I guess such a story would be called a “space story,” or in the olden days, a “science fiction story.”
Or nowadays, of course, a narrative of an astronaut’s adventure.
I think my student had something more like Around the World in Eighty Days in mind, or perhaps a story describing someone’s round-the-world cruise. “Circumnavigate” might have been in his mind. I don’t think he meant that the story itself could circum-whatever the world; I think he was talking about stories wherein the characters traveled extensively.
Technically, Webster’s definition “to make a circuit around” might look workable for the student’s intention. But other dictionaries, and common usage among people who know the meanings of words, make clear that to circumvent is to avoid by going around, as those helpful highway branches that go around cities help us avoid the inevitable gridlock within— or those tricky stratagems by which we get around rules we don’t like make our lives easier.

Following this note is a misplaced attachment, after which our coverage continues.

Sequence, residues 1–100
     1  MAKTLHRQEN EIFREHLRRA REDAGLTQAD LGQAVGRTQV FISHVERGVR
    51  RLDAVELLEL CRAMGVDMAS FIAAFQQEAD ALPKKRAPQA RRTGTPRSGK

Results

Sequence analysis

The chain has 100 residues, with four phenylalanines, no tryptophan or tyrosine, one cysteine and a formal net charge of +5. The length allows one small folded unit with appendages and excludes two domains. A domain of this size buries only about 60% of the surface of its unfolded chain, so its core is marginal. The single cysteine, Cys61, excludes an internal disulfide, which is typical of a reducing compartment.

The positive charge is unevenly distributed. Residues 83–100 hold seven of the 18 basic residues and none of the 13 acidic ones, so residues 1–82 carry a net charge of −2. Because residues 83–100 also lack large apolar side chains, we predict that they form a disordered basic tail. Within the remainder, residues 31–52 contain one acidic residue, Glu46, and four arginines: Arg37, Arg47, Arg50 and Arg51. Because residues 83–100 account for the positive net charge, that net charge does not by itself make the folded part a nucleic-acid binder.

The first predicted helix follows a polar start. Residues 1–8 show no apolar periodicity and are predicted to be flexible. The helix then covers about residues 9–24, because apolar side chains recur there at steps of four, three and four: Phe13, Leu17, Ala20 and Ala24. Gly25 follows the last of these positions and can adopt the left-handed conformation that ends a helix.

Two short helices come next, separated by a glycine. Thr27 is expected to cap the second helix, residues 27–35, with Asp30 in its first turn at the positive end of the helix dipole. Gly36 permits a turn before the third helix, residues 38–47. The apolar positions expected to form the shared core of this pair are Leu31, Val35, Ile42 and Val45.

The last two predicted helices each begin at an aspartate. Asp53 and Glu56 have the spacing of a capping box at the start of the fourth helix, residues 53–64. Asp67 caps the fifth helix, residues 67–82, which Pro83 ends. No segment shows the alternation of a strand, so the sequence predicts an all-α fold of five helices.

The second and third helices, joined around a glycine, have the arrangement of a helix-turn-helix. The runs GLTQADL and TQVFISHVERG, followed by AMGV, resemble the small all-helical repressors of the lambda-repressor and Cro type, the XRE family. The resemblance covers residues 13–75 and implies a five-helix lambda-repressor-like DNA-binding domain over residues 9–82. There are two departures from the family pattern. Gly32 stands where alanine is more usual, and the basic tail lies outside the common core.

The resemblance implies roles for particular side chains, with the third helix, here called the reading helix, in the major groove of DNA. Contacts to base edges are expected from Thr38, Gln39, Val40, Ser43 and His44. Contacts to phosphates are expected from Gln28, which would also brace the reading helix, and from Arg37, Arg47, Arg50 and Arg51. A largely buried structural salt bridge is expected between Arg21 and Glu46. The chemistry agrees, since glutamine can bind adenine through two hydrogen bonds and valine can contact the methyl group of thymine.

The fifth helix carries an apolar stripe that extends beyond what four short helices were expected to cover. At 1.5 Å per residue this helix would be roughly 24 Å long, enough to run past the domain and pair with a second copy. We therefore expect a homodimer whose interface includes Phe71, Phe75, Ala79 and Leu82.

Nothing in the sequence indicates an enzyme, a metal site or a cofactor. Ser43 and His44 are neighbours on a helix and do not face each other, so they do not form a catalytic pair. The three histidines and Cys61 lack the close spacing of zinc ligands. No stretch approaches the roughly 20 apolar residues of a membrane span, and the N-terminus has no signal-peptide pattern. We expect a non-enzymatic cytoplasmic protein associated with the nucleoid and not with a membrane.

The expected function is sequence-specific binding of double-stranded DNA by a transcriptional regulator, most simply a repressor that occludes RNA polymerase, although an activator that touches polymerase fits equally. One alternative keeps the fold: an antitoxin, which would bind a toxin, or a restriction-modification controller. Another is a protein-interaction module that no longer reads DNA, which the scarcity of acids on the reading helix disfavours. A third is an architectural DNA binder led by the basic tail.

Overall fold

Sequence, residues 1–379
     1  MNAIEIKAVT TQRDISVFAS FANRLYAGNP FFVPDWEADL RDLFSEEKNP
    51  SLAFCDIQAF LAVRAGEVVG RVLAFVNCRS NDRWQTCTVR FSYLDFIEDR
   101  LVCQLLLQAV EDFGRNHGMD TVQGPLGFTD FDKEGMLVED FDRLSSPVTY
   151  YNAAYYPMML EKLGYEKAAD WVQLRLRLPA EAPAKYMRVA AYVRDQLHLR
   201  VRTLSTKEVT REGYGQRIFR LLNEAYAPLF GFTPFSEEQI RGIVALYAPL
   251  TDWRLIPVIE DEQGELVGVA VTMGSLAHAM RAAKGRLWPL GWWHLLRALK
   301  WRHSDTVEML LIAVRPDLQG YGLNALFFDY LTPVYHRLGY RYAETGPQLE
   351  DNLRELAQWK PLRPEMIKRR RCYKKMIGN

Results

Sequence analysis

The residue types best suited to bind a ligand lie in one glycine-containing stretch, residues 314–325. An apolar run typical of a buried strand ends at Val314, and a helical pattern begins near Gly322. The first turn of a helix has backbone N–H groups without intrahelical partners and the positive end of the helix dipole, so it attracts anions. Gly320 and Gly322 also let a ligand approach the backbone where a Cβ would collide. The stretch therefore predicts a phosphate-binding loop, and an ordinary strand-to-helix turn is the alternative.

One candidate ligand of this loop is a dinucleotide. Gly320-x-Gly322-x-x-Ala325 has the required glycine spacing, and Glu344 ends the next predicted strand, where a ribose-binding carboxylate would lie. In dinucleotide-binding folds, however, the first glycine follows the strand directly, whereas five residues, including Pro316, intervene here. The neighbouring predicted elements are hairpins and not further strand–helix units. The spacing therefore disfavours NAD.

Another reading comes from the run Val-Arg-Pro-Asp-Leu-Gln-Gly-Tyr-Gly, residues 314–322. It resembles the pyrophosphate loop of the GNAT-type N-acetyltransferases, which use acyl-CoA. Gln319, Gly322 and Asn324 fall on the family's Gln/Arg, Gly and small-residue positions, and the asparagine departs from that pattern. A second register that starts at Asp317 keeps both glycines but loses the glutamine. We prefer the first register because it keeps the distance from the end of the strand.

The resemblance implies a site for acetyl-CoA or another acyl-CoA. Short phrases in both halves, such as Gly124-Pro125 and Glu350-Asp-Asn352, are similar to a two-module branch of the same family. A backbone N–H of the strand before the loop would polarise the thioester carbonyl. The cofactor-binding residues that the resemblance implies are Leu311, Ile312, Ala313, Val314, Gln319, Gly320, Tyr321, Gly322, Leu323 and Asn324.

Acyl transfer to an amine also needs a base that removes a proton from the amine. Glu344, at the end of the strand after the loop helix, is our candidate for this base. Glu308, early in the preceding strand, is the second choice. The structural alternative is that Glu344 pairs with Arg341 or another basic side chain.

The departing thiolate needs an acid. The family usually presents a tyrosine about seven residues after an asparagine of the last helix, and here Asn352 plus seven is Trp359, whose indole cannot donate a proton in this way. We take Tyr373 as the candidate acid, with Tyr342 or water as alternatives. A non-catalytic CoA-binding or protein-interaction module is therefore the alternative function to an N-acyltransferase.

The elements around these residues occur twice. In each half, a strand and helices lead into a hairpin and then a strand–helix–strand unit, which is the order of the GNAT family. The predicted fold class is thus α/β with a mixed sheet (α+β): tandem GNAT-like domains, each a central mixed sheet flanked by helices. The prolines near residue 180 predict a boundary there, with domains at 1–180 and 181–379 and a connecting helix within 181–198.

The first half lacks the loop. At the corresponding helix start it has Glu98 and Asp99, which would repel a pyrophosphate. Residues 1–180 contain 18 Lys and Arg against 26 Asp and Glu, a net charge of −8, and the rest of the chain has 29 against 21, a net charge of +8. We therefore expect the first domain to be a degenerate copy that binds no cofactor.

The primary definition in all the dictionaries I can amass in a moment is to surround or entrap. To besiege a city an army might begin by circumventing it: they come around the hapless polis. Veni, I came. Circum, all around you! Conquest, ideally, follows. Veni, Circumveni, Vici!
And all the definitions include an implication of stealth, trickery, or malice. Even those who merely avoid a city do it in a sneaky way, or maliciously. The more definitions one reads, the worse my poor student’s sentence becomes.
The travel story, then, might be a tale wherein space aliens surround the globe for the purpose of conquering it.
Better, sometimes, to forget those fancy Latin derivations and write some nice Anglo-Saxon sentences. “Sometimes a travel story can take the reader all around the world.” That one, even an honest person could read.